How has she handled all this?
"I'm trying to keep my balance. My daughter was offering to help me. She has a perfect credit score, and she was offering to cosign for yet again another refi. But she's 23 years old, and I'm wondering what would be the risk for her." She laughs an embarrassed laugh. "It's a roller-coaster ride, and I'm hanging on by a prayer." Inez says she just wants "fairness. I want people to get what they ask for instead of being fooled into something again and not really respecting what we really want." Her advice for others before they buy a house is to use a credit union; find out about penalty charges; ask questions; get a fixed rate, never an adjustable.
The most recent map of San Diego defaults and foreclosures reveals that subprime loans are concentrated where ethnic groups -- Vietnamese, Filipinos, Mexican Americans, African Americans -- predominate. One of the major subprime lending areas is EastLake, a subdivision in Chula Vista with a large Hispanic population. Housing advocates wonder whether what has happened in EastLake is the result of brokers and lenders preying on people whose lack of English-language skills makes them susceptible to subprime abuses.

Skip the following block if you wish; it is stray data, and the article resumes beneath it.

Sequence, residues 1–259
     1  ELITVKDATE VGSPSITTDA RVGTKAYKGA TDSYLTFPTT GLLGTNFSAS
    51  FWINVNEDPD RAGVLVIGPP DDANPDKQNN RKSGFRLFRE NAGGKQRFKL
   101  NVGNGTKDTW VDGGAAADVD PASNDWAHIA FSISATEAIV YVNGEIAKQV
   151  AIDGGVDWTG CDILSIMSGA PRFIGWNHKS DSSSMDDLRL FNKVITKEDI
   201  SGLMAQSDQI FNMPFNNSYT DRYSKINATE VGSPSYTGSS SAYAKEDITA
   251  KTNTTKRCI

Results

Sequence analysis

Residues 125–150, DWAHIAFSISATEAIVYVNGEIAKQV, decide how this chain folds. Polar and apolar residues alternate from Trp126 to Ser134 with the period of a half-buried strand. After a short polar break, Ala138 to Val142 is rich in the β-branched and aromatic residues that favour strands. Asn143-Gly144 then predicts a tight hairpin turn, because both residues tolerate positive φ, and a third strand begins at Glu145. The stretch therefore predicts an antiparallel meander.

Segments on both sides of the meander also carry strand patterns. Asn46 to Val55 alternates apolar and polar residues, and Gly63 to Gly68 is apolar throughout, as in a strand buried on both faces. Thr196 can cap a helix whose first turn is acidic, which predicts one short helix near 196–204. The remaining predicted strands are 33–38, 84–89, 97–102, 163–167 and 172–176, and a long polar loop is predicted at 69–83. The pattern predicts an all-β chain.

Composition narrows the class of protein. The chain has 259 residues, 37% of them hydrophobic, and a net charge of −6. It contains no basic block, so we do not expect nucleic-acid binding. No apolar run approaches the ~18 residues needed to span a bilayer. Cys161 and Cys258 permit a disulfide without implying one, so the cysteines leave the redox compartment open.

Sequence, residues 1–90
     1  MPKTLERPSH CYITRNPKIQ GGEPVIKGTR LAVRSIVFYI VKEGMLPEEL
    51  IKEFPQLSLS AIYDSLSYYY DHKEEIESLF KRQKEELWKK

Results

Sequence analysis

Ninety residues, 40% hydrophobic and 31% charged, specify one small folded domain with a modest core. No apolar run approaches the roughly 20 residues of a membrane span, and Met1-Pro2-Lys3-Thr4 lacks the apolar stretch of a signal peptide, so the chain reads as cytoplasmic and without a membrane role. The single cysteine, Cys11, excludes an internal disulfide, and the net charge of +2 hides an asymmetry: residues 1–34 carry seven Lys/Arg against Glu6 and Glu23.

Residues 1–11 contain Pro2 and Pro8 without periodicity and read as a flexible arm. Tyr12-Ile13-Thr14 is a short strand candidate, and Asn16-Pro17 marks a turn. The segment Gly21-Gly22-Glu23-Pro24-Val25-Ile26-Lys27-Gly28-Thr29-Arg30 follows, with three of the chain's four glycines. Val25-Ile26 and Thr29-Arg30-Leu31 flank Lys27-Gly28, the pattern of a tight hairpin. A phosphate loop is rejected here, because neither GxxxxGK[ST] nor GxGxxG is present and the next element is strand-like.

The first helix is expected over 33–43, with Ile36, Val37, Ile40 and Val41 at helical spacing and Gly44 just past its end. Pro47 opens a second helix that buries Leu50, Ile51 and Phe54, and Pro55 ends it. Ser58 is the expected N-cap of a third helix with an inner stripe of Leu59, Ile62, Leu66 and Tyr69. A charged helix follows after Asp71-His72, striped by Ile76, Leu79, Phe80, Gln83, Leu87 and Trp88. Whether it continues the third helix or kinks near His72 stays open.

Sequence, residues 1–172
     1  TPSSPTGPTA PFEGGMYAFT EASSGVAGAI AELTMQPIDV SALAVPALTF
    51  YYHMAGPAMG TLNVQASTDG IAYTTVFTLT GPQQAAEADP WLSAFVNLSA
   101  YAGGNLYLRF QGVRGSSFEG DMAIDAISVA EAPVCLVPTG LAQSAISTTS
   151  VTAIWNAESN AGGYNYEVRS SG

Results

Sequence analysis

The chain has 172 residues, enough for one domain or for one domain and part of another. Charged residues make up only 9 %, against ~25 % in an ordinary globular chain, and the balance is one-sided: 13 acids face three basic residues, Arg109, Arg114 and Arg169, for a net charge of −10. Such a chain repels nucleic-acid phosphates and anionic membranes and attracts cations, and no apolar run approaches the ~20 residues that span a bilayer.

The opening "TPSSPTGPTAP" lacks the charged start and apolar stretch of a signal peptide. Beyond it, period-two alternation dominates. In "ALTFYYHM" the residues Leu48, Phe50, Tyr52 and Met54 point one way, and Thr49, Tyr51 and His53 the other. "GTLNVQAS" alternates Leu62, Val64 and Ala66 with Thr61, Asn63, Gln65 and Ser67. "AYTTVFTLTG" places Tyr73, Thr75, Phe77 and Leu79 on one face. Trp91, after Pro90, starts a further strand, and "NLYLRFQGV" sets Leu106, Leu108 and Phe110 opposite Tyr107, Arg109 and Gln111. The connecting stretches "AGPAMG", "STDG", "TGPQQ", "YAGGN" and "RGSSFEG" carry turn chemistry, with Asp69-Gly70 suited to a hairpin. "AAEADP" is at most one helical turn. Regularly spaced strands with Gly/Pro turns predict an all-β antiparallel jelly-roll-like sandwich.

"Loan steering" -- its legality remains in question -- occurs when people query a developer about home sales, and the developer steers them toward a particular broker or lender. The lender may, after putting the person into a subprime loan, give a kickback to the developer. Another abuse that seems to follow only low-income people is for lenders to steer them into a subprime loan. No law exists to require lenders to tell a borrower that he or she qualifies for a loan at a low fixed rate.